Lots of Choice Beef

Published on: 09:46AM Mar 20, 2009

The chart of the week is the change in select and choice cattle slaughter during the first two months of this year. As one can tell, choice and prime cattle slaughter have been notably above prior year levels. Now that may seem surprising to some. After all, through March 15th, the USDA is estimating 2009 cattle slaughter to be 5.5% lower than the previous year. So how can choice and prime cattle slaughter be up 5%? Good question. Roughly 77% of the makeup of total slaughter are steers and heifers. And those steers and heifers this year have been grading at premium levels- choice and prime- more so than any other year. During the first two months of 2009, the percentage of cattle grading prime averaged at 2.73% compared to 2.56% last year. The choice average for the same time period was 60.32% compared to 56.82% last year and 54.87% for the 5 year average. The percentage of cattle grading choice for the last week of February was 63.24%, the highest percentage since record keeping began in 1997. This is due to several factors and at this point, we expect the trend to continue. Our forecast for overall beef output this year is to be basically flat compared to 2008. But we actually expect choice beef production as an annual average to be higher this year than 2008 which could make it difficult for choice beef to stage any sustained significant rallies.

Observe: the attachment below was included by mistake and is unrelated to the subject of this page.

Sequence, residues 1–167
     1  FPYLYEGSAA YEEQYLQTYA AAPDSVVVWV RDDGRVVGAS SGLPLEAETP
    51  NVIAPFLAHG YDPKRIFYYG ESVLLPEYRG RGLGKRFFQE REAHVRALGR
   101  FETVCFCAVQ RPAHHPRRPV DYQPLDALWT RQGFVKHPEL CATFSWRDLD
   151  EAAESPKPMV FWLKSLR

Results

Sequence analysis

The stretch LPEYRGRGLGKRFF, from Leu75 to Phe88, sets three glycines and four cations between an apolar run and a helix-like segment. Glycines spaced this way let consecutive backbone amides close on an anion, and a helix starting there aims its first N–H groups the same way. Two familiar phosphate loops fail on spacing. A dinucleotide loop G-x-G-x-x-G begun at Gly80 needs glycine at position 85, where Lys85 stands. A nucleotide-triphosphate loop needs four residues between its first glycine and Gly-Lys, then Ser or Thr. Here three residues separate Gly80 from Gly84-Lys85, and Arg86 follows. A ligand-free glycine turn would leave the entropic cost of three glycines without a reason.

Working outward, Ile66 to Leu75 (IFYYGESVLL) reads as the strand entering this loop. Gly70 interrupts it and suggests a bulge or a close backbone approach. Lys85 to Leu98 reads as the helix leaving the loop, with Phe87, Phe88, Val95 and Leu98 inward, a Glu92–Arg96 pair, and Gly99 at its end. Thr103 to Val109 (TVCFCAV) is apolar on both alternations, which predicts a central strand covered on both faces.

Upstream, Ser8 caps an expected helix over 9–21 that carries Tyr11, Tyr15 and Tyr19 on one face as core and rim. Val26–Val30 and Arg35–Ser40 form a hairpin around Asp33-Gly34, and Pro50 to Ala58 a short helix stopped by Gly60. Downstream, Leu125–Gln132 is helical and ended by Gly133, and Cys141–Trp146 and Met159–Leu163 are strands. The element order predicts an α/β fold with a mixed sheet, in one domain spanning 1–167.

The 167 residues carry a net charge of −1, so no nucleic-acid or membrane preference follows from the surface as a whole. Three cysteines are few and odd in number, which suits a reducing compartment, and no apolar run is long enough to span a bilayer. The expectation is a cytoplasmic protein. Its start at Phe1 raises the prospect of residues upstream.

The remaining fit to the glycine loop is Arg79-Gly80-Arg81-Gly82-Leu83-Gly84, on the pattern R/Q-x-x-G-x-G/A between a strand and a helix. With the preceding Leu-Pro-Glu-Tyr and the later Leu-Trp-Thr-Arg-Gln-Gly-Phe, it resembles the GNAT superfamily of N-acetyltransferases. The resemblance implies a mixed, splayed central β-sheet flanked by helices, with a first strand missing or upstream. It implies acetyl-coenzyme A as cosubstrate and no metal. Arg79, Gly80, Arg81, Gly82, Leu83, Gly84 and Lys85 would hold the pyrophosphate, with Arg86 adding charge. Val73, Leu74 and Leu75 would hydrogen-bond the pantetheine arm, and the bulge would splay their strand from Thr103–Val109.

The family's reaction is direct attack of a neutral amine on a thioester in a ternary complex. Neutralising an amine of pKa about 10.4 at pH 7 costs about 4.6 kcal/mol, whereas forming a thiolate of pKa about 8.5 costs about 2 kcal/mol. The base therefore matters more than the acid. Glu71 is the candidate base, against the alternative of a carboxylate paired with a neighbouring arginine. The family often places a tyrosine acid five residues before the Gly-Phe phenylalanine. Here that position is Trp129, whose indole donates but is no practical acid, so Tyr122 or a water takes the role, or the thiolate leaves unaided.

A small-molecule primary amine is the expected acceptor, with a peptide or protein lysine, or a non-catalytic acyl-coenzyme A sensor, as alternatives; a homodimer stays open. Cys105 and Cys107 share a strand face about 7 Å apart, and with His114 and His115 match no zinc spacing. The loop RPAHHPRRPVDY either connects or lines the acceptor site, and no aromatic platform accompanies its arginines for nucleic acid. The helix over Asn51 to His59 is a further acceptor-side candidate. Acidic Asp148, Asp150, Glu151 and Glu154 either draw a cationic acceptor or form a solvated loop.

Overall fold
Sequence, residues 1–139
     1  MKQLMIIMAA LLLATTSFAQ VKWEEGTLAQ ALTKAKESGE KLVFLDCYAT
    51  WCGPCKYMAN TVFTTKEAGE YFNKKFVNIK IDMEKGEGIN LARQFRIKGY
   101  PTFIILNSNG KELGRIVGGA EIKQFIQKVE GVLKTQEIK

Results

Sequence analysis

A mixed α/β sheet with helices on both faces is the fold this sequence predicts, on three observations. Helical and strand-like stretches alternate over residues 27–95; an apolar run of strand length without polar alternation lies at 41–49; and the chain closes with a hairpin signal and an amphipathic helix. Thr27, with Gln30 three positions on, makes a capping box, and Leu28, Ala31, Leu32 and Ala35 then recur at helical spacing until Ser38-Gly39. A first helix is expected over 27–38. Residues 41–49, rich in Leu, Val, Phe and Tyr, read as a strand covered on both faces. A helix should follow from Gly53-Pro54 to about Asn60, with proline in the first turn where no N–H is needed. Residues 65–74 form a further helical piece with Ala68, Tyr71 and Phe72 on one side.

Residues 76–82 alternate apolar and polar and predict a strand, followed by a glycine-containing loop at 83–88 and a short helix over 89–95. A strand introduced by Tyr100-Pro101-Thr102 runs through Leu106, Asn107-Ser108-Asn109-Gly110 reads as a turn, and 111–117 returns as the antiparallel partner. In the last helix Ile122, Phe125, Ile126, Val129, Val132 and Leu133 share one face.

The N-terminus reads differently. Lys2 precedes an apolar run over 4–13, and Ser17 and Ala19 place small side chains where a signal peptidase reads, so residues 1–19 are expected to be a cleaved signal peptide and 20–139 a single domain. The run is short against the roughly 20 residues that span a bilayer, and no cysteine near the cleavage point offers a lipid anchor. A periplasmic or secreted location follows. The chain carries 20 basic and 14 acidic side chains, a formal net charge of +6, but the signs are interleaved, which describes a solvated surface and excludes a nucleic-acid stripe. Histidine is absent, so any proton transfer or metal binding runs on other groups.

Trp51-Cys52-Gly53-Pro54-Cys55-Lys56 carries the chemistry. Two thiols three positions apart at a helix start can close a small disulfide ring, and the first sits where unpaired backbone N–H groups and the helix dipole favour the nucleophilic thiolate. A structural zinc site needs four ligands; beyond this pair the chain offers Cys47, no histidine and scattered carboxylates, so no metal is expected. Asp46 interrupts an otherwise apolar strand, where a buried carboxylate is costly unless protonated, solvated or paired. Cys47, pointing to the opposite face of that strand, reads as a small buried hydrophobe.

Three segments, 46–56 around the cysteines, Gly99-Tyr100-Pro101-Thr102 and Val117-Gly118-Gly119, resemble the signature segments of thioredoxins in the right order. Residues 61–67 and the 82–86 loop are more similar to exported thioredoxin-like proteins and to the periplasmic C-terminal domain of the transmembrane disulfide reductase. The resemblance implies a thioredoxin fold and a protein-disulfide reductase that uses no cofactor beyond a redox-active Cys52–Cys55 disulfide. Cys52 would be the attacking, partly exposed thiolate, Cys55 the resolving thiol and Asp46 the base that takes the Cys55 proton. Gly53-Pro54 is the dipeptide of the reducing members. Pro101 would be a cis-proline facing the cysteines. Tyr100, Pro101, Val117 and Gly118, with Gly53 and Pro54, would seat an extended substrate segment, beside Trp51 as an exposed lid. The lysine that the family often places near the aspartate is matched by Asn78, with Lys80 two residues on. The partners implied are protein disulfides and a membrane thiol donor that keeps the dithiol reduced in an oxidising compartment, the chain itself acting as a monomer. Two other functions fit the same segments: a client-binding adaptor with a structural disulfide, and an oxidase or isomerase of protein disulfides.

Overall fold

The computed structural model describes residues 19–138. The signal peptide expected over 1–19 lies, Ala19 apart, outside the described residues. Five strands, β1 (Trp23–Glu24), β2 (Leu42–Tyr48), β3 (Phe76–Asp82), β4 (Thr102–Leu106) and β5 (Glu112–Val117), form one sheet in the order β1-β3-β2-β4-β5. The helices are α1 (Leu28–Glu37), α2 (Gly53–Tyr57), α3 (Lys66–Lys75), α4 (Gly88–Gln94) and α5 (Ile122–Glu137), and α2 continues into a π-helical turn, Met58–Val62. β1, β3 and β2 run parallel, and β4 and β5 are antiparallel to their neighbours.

These comments and data are provided for information purposes only and are not intended to be used for specific trading strategies. Past financial results are not necessarily indicative of future performance. Any examples given are strictly hypothetical and no representation is being made that a person will or is likely to achieve profits or losses similar to those examples. Neither the information, nor any opinion expressed constitutes a solicitation to buy or sell futures or options on futures contracts or OTC products. Covered parties (as defined below) shall not be liable for any direct, indirect, incidental, special or consequential damages of any kind, whatsoever (including attorney’s fees and lost profits or savings) in any way due to, resulting from, or arising in connection with this email, including it’s content, regardless of any negligence of the covered party including but not limited to technical inaccuracies and typographical errors. “Covered Parties” is defined as American Restaurant Association Inc., ARA Trading and the employees of both companies.Commodity trading involves risks, and you should fully understand those risks before trading.